Lackey argues that the instruction precluded the jury from considering mitigating evidence of voluntary intoxication that did not rise to the level of temporary insanity. In effect, Lackey is arguing that the jury was precluded from considering evidence that he did not ask them to consider. He did not present evidence or argue at trial that his voluntary intoxication amounted to anything less than temporary insanity. Rather, he presented evidence that his criminal conduct was attributable to an "alcoholic blackout," which caused him to lose contact with reality and rendered him capable of engaging in automatic behavior. Because Lackey failed to proffer evidence of non-insane intoxication in mitigation of punishment, whether the jury could properly consider it is not a proper subject for habeas review. See Delo v. Lashley, --- U.S. ----, ----, 113 S.Ct. 1222, 1225, 122 L.Ed.2d 620 (1993) ("Nothing in the Constitution obligates state courts to give mitigating circumstantial instructions when no evidence is offered to support them.")


III. Interference of the Texas Capital Sentencing Scheme

With Counsel's Presentation of Evidence


Appellant argues that the Texas capital sentencing statute unconstitutionally interfered with his trial counsel's ability to make decisions about his defense. Specifically, Lackey argues that because mental health evidence could be considered in aggravation of the second special issue, the statutory scheme prevented his trial counsel from developing and presenting mitigating evidence about his mental condition. We have considered and rejected this precise argument in previous cases. See Black v. Collins, 962 F.2d 394, 407 (5th Cir.), cert. denied, --- U.S. ----, 112 S.Ct. 2983, 119 L.Ed.2d 601 (1992); May v. Collins, 948 F.2d 162, 166-68 (5th Cir.1991), cert. denied, --- U.S. ----, 112 S.Ct. 907, 116 L.Ed.2d 808 (1992).

IV. Ineffective Assistance of Counsel


Lackey suggests that his trial counsel rendered ineffective assistance by failing to produce a mental health expert to develop a nexus between Appellant's childhood abuse and his violence as an adult. He also suggests that his appellate counsel was ineffective for failing to pursue a challenge to the state law prohibition against informing jurors of the legal effect of a failure to agree on answers to the special issues. Because Lackey did not raise these claims before the state court on habeas review or the federal district court,6 we cannot consider his claims here. Alexander v. McCotter, 775 F.2d 595, 603 (5th Cir.1985); see also Barnard v. Collins, 958 F.2d 634, 643 n. 12 (5th Cir.1992), cert. denied, --- U.S. ----, 113 S.Ct. 990, 122 L.Ed.2d 142 (1993).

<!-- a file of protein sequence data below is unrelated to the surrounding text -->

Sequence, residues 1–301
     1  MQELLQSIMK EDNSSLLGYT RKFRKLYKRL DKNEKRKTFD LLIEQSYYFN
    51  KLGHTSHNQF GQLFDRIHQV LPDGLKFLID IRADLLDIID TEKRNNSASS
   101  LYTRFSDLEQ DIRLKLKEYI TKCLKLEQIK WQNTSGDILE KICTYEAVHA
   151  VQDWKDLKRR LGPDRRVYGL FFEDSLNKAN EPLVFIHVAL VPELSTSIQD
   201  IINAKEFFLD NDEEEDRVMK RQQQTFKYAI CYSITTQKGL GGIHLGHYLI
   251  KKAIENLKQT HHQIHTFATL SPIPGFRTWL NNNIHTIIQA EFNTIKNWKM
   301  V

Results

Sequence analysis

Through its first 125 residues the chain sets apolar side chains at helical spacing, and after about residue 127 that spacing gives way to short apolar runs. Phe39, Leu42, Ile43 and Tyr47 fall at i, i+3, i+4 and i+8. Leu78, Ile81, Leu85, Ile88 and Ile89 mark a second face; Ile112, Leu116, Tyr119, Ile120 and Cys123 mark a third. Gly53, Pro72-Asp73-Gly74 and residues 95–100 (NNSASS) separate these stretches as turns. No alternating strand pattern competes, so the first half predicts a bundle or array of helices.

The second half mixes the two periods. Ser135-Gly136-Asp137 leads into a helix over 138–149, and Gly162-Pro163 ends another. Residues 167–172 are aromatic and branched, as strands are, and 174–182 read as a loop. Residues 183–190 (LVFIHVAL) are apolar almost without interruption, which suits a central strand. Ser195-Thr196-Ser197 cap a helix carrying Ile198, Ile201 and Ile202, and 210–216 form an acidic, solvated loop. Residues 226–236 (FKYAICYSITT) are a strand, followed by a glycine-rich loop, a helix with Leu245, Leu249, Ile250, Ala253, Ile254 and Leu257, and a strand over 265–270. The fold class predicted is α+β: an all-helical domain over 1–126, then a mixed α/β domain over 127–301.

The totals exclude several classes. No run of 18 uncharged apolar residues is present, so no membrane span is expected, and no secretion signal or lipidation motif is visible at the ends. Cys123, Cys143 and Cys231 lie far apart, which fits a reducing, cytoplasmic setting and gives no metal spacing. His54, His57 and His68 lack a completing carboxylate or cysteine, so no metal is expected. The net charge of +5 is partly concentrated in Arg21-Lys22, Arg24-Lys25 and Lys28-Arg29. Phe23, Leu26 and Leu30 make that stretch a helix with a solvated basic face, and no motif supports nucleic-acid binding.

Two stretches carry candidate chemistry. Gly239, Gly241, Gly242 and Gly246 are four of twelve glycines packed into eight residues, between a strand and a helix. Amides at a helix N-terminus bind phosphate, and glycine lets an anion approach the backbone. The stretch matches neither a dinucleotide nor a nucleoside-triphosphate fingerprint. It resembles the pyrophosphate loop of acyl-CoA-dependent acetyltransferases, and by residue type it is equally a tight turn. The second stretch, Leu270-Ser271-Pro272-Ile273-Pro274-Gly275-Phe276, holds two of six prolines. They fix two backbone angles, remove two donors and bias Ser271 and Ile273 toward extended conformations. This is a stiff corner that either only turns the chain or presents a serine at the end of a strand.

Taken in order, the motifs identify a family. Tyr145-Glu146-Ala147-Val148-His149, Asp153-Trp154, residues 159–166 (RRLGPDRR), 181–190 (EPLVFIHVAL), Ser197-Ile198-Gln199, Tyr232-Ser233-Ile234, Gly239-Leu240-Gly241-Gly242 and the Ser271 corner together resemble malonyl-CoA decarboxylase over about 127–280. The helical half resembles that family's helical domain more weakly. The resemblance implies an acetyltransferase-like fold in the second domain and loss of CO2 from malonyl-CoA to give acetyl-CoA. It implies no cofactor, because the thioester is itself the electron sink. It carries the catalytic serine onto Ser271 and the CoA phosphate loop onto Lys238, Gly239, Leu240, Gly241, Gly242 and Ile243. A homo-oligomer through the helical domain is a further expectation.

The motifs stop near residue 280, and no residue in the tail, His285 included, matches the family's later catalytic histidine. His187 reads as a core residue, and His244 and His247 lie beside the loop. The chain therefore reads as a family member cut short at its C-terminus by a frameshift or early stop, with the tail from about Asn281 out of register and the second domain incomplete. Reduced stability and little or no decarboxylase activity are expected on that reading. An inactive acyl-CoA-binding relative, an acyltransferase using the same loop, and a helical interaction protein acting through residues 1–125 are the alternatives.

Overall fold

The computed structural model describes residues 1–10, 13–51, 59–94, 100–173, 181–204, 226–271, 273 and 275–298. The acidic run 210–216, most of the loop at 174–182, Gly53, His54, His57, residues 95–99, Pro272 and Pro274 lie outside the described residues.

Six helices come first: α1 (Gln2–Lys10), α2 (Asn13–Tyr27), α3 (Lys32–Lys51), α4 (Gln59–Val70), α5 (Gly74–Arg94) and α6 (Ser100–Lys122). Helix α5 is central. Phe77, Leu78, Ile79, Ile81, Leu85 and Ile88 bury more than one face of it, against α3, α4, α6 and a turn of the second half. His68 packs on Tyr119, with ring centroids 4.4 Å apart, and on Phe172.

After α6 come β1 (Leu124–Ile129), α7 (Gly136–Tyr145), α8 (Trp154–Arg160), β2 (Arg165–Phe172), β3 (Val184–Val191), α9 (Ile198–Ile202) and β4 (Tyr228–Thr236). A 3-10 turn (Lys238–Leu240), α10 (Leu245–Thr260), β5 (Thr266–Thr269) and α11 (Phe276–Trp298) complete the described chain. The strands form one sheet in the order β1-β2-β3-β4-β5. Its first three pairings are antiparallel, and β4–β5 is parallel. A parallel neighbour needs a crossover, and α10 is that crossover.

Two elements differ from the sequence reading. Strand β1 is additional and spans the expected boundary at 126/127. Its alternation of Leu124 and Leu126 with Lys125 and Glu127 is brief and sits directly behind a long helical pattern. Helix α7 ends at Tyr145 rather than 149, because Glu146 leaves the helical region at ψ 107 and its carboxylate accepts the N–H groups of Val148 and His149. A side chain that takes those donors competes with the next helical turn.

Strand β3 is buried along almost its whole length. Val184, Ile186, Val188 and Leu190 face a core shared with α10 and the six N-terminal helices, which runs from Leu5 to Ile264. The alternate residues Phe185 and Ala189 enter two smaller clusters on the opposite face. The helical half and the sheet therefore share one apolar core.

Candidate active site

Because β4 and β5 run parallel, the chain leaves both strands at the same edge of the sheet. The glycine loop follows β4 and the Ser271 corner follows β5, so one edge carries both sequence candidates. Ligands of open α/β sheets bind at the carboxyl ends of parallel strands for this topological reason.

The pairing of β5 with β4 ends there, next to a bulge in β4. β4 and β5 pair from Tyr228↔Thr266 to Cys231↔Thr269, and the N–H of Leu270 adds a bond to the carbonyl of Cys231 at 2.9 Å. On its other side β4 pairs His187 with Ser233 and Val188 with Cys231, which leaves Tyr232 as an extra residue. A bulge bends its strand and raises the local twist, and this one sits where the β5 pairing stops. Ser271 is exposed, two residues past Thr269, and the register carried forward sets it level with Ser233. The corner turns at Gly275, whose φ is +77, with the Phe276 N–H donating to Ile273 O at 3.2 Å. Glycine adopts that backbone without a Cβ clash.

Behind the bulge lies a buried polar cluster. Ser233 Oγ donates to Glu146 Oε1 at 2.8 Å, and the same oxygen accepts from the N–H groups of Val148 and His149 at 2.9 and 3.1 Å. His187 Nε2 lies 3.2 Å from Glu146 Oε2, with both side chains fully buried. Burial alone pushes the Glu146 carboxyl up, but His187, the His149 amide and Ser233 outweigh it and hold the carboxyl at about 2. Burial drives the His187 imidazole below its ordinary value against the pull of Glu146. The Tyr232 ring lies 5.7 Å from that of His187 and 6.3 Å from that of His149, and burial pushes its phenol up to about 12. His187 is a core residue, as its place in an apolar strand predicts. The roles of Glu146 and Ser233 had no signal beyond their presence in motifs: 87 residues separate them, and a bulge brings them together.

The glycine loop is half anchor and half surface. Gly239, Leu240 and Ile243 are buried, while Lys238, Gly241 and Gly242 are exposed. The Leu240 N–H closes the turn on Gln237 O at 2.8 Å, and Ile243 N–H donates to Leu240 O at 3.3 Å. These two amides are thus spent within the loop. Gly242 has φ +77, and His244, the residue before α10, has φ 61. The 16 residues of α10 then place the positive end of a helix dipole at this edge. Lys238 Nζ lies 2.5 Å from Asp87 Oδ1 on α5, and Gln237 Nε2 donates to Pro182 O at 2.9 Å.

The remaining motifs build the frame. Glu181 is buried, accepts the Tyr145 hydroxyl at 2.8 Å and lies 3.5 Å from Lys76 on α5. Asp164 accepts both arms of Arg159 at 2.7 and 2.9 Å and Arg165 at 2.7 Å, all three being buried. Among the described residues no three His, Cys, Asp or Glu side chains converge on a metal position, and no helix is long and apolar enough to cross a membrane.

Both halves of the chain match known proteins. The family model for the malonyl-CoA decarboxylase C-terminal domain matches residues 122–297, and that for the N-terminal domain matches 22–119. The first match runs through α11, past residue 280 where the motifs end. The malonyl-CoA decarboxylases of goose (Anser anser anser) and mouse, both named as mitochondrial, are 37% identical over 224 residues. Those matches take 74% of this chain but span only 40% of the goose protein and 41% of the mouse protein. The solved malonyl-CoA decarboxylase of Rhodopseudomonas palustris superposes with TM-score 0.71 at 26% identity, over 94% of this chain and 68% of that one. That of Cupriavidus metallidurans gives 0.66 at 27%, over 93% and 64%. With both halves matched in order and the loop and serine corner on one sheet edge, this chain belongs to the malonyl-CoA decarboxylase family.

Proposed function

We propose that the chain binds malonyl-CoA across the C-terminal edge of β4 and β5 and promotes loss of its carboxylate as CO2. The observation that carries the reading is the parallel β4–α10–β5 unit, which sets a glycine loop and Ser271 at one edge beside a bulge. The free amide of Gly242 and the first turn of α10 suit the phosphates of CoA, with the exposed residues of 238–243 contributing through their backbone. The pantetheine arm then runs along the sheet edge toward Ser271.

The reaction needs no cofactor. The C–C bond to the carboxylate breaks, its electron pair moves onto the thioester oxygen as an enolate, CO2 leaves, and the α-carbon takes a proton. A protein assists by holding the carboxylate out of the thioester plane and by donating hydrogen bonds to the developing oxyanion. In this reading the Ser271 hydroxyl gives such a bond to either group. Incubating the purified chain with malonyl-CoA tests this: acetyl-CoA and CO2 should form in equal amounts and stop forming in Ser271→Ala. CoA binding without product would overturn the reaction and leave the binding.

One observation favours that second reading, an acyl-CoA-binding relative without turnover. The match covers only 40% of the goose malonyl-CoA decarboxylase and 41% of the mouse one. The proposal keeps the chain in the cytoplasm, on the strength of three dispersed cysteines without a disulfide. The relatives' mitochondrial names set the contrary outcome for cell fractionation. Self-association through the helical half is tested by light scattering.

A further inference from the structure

V. Denial of Funds for expert assistance


Lackey contends that the trial court unconstitutionally denied him funds for the assistance of non-psychiatric experts. The district court correctly found that Appellant had procedurally defaulted the claim in state court. Lackey did not request such assistance on the record or obtain a ruling, and the state habeas court held this claim was procedurally barred. When a state-law default prevents the state court from reaching the merits of a federal claim, that claim cannot be reviewed absent a showing of cause and prejudice. Ylst v. Nunnemaker, 501 U.S. 797, 111 S.Ct. 2590, 115 L.Ed.2d 706 (1991); Cowart v. Hargett, 16 F.3d 642, 644-45 (5th Cir.1994). Because Lackey has not even attempted to argue cause and prejudice, we are precluded from considering his claim.


VI. Punishment-phase Instructions Regarding Jury Agreement


Appellant claims his constitutional rights were violated by a statutory prohibition against informing jurors of the effect of their failure to agree on a punishment phase issue.7 The district court properly held that this claim was procedurally barred. As noted by the district court, the state habeas court rejected Lackey's claim on the ground that he did not object to the jury charge or request a special instruction. Furthermore, Appellant has not argued circumstances permitting our review of his defaulted claim.

VII. Failure to Define Reasonable Doubt


Lackey contends that the state court violated his constitutional rights by refusing to apply retroactively the principles of Geesa v. State, 820 S.W.2d 154 (Tex.Crim.App.1991). In Geesa, which was decided after Lackey's trial but before Lackey's conviction became final, the Texas Court of Criminal Appeals announced a new rule requiring a definition of the term "reasonable doubt" in jury instructions in criminal trials. The state court also announced that the new rule would only apply to criminal cases where the trial occurred after Geesa. Appellant argues that Geesa is based on federal law, and therefore, Griffith v. Kentucky, 479 U.S. 314, 107 S.Ct. 708, 93 L.Ed.2d 649 (1987), requires that it be given retroactive treatment.